EDITORIAL>>Reduce debt, Beebe argues
Beebe would take $250 million to $300 million of the surplus and pay off that amount of the state’s debt, which was accumulated by long-term bond issues for this or that construction program. By retiring the principal on bonds and preventing the future accumulation of interest, Beebe explained, a sizable part of the future revenue stream from the collection of taxes would be freed, and that would allow him to phase out the sales tax on groceries without jeopardizing other state services.
That makes good sense. We all do that (or want to do it) with our credit-card debt. But there are pitfalls, and General Beebe did not carry the thought far enough.
Richard Weiss, the director of the state Finance and Administration Department for many years and almost certainly the director under a Gov. Beebe, said it was a good idea and he gave an example. If Beebe were to pay off the state’s $100 million or so of outstanding college savings bonds, $24 million a year of taxes that are used to retire those bonds would be freed. It would offset part of the revenue loss from repealing the grocery tax.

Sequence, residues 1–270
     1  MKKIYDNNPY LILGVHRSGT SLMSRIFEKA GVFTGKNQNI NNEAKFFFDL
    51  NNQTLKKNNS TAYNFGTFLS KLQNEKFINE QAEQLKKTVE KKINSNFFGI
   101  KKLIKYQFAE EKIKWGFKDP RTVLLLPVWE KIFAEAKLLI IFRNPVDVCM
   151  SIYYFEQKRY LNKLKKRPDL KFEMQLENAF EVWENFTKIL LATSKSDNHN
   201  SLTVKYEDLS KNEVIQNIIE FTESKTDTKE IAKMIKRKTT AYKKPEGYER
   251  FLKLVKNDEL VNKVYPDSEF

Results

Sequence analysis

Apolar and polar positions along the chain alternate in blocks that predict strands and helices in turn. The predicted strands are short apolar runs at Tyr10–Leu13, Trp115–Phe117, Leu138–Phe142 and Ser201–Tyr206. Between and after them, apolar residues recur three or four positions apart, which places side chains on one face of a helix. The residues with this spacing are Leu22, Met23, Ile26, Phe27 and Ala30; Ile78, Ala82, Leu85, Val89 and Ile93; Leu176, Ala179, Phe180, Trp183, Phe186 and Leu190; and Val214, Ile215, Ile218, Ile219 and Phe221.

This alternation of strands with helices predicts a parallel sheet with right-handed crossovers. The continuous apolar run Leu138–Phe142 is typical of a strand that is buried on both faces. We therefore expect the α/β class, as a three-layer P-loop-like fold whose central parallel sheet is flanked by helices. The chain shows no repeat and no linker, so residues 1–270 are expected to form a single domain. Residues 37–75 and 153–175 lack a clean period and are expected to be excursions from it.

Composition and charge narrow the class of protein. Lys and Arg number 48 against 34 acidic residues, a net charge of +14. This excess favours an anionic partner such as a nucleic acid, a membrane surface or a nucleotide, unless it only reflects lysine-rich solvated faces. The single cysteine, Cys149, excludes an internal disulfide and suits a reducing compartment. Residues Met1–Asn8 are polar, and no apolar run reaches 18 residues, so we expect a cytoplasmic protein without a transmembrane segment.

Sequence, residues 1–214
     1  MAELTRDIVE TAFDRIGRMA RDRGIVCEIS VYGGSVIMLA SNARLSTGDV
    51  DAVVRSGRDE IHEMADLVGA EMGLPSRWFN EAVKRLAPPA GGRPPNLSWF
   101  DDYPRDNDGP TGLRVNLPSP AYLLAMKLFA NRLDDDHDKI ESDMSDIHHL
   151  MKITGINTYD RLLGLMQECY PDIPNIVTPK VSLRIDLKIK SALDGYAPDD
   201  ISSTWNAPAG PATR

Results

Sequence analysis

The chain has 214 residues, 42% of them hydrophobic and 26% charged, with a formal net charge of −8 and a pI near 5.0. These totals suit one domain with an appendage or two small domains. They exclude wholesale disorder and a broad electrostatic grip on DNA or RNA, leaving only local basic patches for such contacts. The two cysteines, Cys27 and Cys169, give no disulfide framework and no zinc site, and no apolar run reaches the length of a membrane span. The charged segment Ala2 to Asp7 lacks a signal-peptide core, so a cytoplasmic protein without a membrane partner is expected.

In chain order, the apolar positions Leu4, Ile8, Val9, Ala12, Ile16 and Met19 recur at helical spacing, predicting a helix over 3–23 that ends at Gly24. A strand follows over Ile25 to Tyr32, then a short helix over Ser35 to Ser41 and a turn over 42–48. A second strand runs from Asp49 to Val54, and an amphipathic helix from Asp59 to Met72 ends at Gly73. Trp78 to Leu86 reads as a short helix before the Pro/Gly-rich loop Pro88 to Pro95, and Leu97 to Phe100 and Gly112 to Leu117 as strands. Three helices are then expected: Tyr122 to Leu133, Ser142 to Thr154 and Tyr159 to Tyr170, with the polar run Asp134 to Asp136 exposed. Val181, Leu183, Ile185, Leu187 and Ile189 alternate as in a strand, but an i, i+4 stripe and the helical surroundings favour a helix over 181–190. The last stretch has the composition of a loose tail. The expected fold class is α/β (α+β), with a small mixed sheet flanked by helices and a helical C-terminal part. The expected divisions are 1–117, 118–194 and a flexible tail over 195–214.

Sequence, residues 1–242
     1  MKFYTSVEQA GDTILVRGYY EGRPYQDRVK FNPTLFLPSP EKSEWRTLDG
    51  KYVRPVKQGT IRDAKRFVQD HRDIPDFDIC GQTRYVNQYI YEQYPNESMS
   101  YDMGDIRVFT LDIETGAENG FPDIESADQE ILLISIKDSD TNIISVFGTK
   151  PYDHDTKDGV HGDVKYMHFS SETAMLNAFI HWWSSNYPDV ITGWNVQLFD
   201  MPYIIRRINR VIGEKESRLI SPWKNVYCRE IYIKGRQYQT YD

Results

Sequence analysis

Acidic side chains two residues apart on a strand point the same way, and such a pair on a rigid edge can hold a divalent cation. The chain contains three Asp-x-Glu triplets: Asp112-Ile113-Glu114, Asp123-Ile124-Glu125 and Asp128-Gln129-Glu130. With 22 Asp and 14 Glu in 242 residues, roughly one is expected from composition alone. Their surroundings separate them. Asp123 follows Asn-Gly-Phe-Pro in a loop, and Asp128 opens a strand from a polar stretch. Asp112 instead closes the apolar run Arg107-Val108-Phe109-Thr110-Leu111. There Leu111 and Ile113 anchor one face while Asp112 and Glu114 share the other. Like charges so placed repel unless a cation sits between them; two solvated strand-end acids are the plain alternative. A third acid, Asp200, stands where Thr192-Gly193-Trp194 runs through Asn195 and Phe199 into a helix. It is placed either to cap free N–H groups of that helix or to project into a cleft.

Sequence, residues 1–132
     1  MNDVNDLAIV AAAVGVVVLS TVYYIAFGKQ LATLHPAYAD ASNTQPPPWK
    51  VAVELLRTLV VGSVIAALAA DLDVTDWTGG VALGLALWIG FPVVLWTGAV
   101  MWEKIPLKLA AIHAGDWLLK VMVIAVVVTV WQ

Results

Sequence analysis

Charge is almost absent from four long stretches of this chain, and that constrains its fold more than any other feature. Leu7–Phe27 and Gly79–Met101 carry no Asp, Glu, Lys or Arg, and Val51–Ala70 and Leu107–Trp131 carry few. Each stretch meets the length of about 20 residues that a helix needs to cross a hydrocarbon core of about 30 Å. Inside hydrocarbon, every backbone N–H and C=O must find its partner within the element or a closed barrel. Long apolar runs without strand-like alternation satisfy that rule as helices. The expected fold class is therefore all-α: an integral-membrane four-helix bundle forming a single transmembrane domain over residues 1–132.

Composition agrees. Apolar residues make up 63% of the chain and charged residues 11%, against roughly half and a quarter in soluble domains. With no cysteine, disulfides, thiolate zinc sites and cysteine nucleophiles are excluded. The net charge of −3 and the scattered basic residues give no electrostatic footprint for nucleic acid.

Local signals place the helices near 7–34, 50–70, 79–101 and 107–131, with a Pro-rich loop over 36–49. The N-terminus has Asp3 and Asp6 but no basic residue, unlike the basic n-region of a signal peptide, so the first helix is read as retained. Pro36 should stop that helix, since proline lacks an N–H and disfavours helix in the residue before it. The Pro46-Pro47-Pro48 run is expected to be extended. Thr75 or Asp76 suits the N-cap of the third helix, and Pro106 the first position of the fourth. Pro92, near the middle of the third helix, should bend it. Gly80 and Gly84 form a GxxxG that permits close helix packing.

But that’s not such a good idea. Those bond indentures were written to protect the investors from just such an economical impulse by the state. If the state retires those bonds early it must pay the investors all the interest that they would receive in the future if the bonds remained outstanding to the end. So the state would be saving no future interest by retiring the bonds now. But it would be a bonanza for the bondhbolders.
But here’s the better point: If protecting the state from future debt interest is a good thing, why not prevent it at the outset? Gov. Huckabee has directed that the voters be asked again in November to approve a $250 million bond issue that will retire those college bonds along with all the future accumulated interest and then issue new ones to consume Mr. Weiss’ $24 million a year for another 25 years or so. Beebe, like Huckabee, supported the issue a year ago when voters turned it down.
Now Beebe could recommend that voters defeat that measure, and then he could see that the legislature this winter met the colleges’ construction needs from the surplus. There is plenty there to do that and to meet the other vital capital needs, such as public school improvements. It would achieve precisely what Beebe proposes, and those savings would be real.